Karaoke Culture is a sharp piece of commentary. As ever, Ugresic sucks you in with wit & mad charm; cheekily sandbags you with her ability to merge her observations of cultural events, venues & styles; engineers cheerful hit & run connections between media. You think it’s a rat’s nest but it develops a sly inevitable logic, & it’s probably the only way to get away with some of the things she says. Meanwhile, I wonder if this is going to be anything like as sharp & honest as These Foolish Things, the Deborah Moggach novel on which it’s based, a TLS review of which I’ll put up here if I can ever find it again in my own rat’s nest. Thinking about: Shame, which struck me as little more than a dutiful turn round the relevant sections of DSM IV-TR. I like that smelly nourishing suet of dysfunctional & chaotic behaviour, but Shame didn’t seem an especially intense slice.
Monthly Archives: February 2012
Those who have failed to regulate the self. Those whose behaviours enact a medicating fiction. Those who flew to the Canary Islands on a cheap ticket in December 1991 & left the remains of their personality in the apartment hotel. Those who ran from everything in a zig-zag pattern, so fast they never found the transitional object. The unsoothed. The dysmorphic. The unconditional. Those who were naive enough to take what they needed & thus never got what they wanted & whose dreams are now severe. Those who were amazed by their own hand. The confused. The pliable. Those who look at the sea & immediately suffer a grief unconstrained but inarticulable. Gifco is coming. Gifco you are always with us. Gifco we are here!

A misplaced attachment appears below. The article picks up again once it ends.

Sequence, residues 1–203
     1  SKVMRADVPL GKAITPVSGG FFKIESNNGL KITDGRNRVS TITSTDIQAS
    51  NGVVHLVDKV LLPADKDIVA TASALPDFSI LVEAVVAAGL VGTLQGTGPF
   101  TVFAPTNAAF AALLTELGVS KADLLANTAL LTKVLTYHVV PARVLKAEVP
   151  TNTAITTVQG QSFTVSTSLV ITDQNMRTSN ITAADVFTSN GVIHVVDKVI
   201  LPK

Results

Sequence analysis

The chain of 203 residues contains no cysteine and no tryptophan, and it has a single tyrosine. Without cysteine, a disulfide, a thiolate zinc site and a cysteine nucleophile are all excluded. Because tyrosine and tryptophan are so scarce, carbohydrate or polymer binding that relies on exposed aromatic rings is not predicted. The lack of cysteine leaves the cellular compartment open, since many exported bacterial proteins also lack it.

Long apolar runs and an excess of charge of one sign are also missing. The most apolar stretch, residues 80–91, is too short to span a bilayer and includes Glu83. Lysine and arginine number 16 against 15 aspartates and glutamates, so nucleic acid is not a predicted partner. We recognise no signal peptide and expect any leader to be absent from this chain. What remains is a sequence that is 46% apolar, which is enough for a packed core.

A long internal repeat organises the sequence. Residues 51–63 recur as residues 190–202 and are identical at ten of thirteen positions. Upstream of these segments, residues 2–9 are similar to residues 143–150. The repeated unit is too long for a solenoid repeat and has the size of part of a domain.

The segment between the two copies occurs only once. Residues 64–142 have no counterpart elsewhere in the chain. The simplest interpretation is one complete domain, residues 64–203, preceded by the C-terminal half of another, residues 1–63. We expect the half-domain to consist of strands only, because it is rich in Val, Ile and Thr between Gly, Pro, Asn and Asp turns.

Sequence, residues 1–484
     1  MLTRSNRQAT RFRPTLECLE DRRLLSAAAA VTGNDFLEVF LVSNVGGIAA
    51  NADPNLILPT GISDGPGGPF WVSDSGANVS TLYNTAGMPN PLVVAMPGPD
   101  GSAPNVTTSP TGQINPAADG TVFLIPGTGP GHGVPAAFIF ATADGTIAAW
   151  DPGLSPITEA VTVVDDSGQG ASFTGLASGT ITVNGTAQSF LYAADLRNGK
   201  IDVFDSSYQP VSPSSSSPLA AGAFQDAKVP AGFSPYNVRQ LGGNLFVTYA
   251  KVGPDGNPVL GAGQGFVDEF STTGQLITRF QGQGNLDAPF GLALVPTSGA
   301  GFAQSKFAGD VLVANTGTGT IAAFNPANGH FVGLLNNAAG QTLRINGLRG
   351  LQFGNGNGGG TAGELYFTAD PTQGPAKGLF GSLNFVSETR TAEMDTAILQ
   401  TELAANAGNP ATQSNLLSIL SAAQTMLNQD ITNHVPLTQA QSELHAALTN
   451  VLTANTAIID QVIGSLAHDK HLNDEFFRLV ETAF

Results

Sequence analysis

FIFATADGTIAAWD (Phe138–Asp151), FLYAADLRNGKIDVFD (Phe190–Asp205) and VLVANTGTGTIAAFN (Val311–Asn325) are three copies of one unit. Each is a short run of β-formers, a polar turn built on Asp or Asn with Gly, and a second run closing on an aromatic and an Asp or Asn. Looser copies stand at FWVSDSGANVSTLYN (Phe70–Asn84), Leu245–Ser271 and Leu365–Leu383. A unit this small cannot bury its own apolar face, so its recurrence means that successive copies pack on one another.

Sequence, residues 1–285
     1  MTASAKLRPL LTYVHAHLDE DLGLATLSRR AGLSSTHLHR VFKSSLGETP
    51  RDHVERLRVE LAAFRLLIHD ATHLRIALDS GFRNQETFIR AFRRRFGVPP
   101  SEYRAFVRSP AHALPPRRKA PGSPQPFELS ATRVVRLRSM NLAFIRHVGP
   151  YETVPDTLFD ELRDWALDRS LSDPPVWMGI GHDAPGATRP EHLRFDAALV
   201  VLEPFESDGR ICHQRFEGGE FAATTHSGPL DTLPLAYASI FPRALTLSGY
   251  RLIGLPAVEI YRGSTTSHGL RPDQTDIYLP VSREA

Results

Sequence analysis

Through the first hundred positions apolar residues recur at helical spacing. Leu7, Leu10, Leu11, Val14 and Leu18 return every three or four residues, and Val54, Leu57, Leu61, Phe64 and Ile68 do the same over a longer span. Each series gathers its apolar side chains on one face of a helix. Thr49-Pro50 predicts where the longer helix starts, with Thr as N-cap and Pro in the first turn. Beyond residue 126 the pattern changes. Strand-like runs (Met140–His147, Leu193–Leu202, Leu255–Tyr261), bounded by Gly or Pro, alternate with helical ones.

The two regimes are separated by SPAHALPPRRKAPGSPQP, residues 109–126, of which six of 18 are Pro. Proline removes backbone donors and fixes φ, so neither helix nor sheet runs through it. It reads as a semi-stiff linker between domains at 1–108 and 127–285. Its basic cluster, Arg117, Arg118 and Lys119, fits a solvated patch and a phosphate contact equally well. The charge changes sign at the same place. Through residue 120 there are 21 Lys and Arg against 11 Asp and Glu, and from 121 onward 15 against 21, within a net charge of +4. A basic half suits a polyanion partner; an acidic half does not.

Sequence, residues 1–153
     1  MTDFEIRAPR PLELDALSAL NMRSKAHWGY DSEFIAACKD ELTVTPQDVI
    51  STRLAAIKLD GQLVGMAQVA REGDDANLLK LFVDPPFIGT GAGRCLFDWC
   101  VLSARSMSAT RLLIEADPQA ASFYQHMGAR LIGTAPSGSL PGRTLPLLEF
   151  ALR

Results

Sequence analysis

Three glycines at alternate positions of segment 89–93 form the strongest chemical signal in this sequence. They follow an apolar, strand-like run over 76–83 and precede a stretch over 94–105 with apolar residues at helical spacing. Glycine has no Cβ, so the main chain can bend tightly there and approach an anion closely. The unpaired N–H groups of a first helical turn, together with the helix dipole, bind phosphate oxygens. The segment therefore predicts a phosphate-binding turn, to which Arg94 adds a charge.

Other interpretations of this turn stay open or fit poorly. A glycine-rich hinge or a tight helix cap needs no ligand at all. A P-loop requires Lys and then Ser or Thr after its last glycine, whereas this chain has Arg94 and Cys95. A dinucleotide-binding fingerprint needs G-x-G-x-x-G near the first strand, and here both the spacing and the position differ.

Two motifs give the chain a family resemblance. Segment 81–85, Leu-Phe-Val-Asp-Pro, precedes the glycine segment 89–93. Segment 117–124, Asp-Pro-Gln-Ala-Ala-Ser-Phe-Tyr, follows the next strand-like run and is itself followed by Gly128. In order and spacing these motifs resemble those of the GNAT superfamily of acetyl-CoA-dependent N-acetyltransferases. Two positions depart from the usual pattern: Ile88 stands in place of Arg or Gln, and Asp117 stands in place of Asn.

Photo: the other Nick Royle.
I thought I’d repeat this because writing has made it seem even truer than I thought last May–
Don’t fauxthenticate. Don’t make a text that begs, “Believe in this, please believe in this.” Rationale is the sound of the stuffing falling out, the sound of the failure of imaginative intensity. This doesn’t build a world: it acts by being present. Whatever is in it is not rationally excused or cognitively substantiated: it is present to the viewer, it is itself.
It’s a fait accompli.
To this character, life is like window shopping: an inoculation against, or antidote to, the urge to spend. Emotional opportunities arrive as 3D flexible models, accessible from any angle & as easily subjected to a thorough examination as objects that already exist. Even as he’s living through its leading edge, a potential relationship can be moved around in time by a kind of false hindsight, until he has understood every possibility of development, every nuance; after which he’ll decide what outcome he wants & how to set about achieving it. But by then the opportunity will have passed & what he thought of as the bow shock will have turned out to be the entire event.
Load of dead people in the comments here, making their interminable dead-people complaint. Think of the children. Not out of my taxes. My life, bloated as it is with a soul-frying ordinariness, is more demanding than that. Can’t he find something better to do. I’m just glad to be in the warm & nice. Hasn’t he thought of the children. Etc. Etc. Etc. Messages of denial from the pooling global Switzerland of the mind.